collect pond park


Am interested in the aesthetics of my non-smart phone's camera -- no arty filters here, and no "social" -- but I like the flattening out going on in this pic, and a hint of urban bleakness, courtesy of decisions made in the Samsung technicians' lab. This photo was taken while sitting, waiting to meet a friend at the new Postmasters gallery space a block away from this historic site.

Addendum: Am guessing that lower tier of concrete is supposed to be filled with water, a reminder of the lake that was once on this spot. It's not, just some puddles, making this park look even bleaker than it did before it was renovated a couple of years ago.

social photography after instagram

carriage trade gallery is having its annual fundraiser, which for the past several years has been a show of cell phone photos called "Social Photography"; installment IV opens Nov. 12. I donated (i.e. bought a photo) last year and enjoyed seeing the exhibit.

Possibly the premise is dating as cell phones become smart phones and 3 x 4 inch standard sizes with point-and-hope-for-the-best aesthetics have given way to extra megapixels and more especially Instagram, where every lousy shot can be doctored with "arty filters" to look like a masterpiece.

Instagram is the elephant in the room of Social Photography IV, because of (a) The Kids (who left Facebook for it, in droves, and stayed after Facebook bought it, also in droves) and (b) Richard Prince, who put Instagram front and center in the white cube environment this year. Read Vulture's obsequious review, artnet's criticism, and ArtFCity's follow-up.

Is Instagram social photography? Yes. Is it a wildly successful model compared to say, Flickr's storage bin approach? Yes, it has supermodels artifying themselves and getting mad likes. You might hate this and want nothing to do with it, but you have to acknowledge it's the new normal for passing around photos.

return of the energy cardigan

Thomas Frank, in a Salon article comparing Pres. Obama to Jimmy Carter and discussing Rick Perlstein's new book on the '70s:

Like Barack Obama, Jimmy Carter was drawn instinctively toward austerity—keeping the White House thermostat down and advertising his personal devotion to domestic thrift by donning a cardigan in a televised chat on the energy crisis.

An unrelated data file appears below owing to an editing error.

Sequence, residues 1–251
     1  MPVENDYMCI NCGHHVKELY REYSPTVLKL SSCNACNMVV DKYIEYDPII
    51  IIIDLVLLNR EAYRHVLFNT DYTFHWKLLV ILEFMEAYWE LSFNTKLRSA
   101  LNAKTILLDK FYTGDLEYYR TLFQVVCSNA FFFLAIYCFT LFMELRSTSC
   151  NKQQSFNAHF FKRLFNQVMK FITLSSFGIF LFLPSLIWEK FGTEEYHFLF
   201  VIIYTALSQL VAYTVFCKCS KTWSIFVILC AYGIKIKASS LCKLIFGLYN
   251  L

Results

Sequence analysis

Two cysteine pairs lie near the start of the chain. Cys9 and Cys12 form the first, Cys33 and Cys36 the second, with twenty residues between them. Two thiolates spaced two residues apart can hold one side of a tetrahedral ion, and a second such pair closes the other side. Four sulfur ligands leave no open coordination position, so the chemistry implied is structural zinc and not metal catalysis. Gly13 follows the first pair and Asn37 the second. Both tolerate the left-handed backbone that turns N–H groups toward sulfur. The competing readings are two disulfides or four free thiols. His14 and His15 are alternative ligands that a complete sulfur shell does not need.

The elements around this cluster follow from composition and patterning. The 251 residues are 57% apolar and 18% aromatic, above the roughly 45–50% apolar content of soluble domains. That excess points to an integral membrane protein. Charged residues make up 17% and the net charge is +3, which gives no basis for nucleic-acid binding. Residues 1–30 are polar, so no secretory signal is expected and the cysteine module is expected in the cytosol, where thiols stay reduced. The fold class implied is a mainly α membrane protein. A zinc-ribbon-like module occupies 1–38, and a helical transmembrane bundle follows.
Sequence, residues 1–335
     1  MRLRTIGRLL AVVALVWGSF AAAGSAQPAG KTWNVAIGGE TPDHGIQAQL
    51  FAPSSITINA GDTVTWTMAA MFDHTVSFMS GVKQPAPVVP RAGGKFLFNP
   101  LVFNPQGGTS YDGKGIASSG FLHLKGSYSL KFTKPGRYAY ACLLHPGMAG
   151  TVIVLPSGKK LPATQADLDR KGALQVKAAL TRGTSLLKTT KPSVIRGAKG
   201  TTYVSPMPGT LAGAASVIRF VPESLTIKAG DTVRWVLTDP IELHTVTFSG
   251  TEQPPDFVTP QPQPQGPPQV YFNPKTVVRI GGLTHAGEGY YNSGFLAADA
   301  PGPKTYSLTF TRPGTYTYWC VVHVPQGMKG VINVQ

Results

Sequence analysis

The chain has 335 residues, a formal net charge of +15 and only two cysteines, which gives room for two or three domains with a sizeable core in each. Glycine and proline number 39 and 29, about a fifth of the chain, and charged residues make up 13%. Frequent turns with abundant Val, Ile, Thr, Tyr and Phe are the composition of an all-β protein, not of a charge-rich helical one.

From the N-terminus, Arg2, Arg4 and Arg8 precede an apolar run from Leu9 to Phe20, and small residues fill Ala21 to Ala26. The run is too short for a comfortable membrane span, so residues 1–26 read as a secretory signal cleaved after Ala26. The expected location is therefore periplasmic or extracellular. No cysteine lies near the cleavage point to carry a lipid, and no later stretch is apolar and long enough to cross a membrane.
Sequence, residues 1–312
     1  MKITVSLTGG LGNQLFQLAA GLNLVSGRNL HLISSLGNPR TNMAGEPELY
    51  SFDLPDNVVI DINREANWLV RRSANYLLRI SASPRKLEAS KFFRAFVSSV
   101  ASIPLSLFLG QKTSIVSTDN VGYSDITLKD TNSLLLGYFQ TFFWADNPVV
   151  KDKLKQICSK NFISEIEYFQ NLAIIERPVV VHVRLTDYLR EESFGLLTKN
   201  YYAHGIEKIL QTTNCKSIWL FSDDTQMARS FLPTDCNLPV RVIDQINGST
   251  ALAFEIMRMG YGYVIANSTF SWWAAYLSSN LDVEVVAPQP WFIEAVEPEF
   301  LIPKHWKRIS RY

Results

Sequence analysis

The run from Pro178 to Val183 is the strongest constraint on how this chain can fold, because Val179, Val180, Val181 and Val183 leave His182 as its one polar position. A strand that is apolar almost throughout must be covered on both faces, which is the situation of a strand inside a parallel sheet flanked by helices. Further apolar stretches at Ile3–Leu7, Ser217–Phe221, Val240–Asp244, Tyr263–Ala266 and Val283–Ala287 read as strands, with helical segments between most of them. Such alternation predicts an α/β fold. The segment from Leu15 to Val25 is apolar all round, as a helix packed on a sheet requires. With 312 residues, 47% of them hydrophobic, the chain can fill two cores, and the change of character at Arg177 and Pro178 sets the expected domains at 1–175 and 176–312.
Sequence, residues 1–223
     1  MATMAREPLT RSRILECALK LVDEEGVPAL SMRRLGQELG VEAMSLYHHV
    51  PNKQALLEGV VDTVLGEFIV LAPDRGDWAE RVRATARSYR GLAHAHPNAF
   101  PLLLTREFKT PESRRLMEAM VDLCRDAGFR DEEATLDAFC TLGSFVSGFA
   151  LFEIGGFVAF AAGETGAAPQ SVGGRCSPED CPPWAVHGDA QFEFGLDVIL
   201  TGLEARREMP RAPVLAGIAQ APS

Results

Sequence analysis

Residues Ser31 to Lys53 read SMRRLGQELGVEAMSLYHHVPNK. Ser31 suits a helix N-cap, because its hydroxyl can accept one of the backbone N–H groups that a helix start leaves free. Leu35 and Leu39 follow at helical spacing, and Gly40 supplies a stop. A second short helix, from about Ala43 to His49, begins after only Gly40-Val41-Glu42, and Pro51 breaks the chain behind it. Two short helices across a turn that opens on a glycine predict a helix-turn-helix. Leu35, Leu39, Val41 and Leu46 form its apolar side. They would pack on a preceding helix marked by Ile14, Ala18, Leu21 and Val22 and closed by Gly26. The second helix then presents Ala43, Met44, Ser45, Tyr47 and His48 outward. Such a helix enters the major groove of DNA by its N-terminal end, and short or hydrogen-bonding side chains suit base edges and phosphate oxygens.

Felt compelled to leave this comment, even though it's hopeless:

Ahh -- the myth of the Carter "energy sweater." The "sweater" wasn't about turning down the thermostat -- he began wearing it shortly after inauguration to show he was a down home guy, in reaction to the pomp of Nixon's "imperial presidency." Sometime in the '80s it became a Republican meme that Carter was a wimp shivering in the White House rather than a manly energy squanderer, and the sweater's meaning transferred from "humility" to "thrift." Perstein's book should have clarified this but perhaps it didn't.

John Pomara, Digital-Distraction exhibit Barry Whistler Gallery in Dallas


Oil enamel on aluminum
48" x 36"


There is glitch art and then there is obsessively hand rendered, meticulously-crafted (but not too meticulously-crafted) glitch art. Wish I could be in Dallas to see the show -- the artist's exhibit in NYC last year gave an idea of the surface sensuality and presence of this work. By "not too meticulously-crafted," that's to say there are little blurs and slippages that remind you a person is making these, albeit self-effacingly compared to painters who want you to notice what individualistic hands they have.